Charles Papert
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Old July 20th, 2003, 09:33 AM   #4
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I have my low-mode kit on the floor here for my V16. I haven't attempted hooking it up yet. I do find the offset adapters handy though. Charles' upside down approach does seem to be alot easier! (and cheaper too, the low mode kit is a bit pricey)
Andrew | Canon XL1s, ME66, Vinten Vision 3, GlideCam V16 (for sale!)
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Old July 20th, 2003, 04:51 PM   #5
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Weird timing on all this, because we had another day with 20K extras yesterday, and the last shot up suddenly became low mode Steadicam. With 15 minutes left to go for the shooting day (otherwise the production would have incurred $20,000 in meal penalties), everyone was dubious if we could pull the switch to low mode off in time.

Thoughts of this thread flitted through my mind as I raced to the docking stand and told my assistant "we need to break all land-speed records! Go!". With three sets of hands on the rig, which was sporting a full-on Panaflex setup with a bunch of extra hardware onboard, we went into NASCAR pit crew mode and were lining up the shot maybe 2 minutes later. It was a bit of a rush!

Earlier in the night, however, we did a low mode running shot and when I checked playback, I saw an uncomfortable amount of vibration in the shot. I had to go check all the adjustment points on the rig to make sure they were tight and a few other tricks that are specific to my rig, but it is worth mentioning that when running it is essential to make sure that everything is buttoned-up, no loose parts flapping around. Low mode tends to exaggerate this phenomenon.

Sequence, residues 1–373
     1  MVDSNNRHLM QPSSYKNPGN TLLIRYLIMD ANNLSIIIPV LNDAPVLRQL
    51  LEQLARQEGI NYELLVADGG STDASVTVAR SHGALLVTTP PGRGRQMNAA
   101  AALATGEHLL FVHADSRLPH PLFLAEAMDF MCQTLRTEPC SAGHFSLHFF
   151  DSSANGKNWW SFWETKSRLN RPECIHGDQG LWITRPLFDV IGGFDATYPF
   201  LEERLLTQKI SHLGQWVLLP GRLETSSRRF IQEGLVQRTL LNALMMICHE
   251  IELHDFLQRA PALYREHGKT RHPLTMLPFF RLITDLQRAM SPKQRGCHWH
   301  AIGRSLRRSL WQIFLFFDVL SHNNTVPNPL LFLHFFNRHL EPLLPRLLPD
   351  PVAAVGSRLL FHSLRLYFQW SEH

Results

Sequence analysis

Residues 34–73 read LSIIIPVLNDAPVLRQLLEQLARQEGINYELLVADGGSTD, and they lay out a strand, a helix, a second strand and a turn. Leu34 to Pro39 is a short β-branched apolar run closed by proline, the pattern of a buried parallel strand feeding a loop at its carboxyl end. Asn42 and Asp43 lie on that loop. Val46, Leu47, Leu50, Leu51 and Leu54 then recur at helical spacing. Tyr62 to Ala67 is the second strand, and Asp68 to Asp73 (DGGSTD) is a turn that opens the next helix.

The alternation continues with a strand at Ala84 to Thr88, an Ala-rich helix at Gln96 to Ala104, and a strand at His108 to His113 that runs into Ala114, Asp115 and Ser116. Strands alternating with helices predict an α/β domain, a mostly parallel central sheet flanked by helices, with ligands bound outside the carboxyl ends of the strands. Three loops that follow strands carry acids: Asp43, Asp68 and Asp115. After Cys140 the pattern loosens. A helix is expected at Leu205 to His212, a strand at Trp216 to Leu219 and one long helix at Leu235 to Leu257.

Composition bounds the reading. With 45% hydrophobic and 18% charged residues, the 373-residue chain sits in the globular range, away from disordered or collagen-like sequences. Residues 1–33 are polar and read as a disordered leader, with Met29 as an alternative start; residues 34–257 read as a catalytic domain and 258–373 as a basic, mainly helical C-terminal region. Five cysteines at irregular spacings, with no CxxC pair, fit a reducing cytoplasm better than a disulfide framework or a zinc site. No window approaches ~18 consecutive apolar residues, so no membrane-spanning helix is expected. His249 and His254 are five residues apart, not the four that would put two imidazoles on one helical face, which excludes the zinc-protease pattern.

I have never seen a cage or wraparound bracket such as are used with the V16/20 or V/8, respectively, which didn't foster a certain amount of vibration. The problem is that the attachment point is so far from the center of gravity of the rig that any minute vibration can multiply by the time it reaches the CG. If you can find a way to wedge the top of the camera against the low mode bracket, that will help considerably . As I indicated, very few video cameras allow for secure fastening from the top side the way that film cameras do. For Betacam style bodies, there are clamps that attach to the handles, but the handles themselves are only so secure to the body so there is some potentially flexing there also.

For XL1 users who are serious about shooting low mode, you may want to look into have a custom plate made. The XL1 has two tie-down points (threaded 1/4-20 holes) on the bottom, which is a rarity in the DV world. A plate that allowed you to screw in to both of these holes (assuming you are not using the accessories that require attaching to the rear hole and then wrapped around the left side of the camera and over the top would help quite a bit with stability. Foregoing the viewfinder and having that plate secure to the viewfinder mount would make it completely rigid. A skilled machinist should be able to make such a thing.

Again, the quickest solution is to shoot inverted and flip in post.
Charles Papert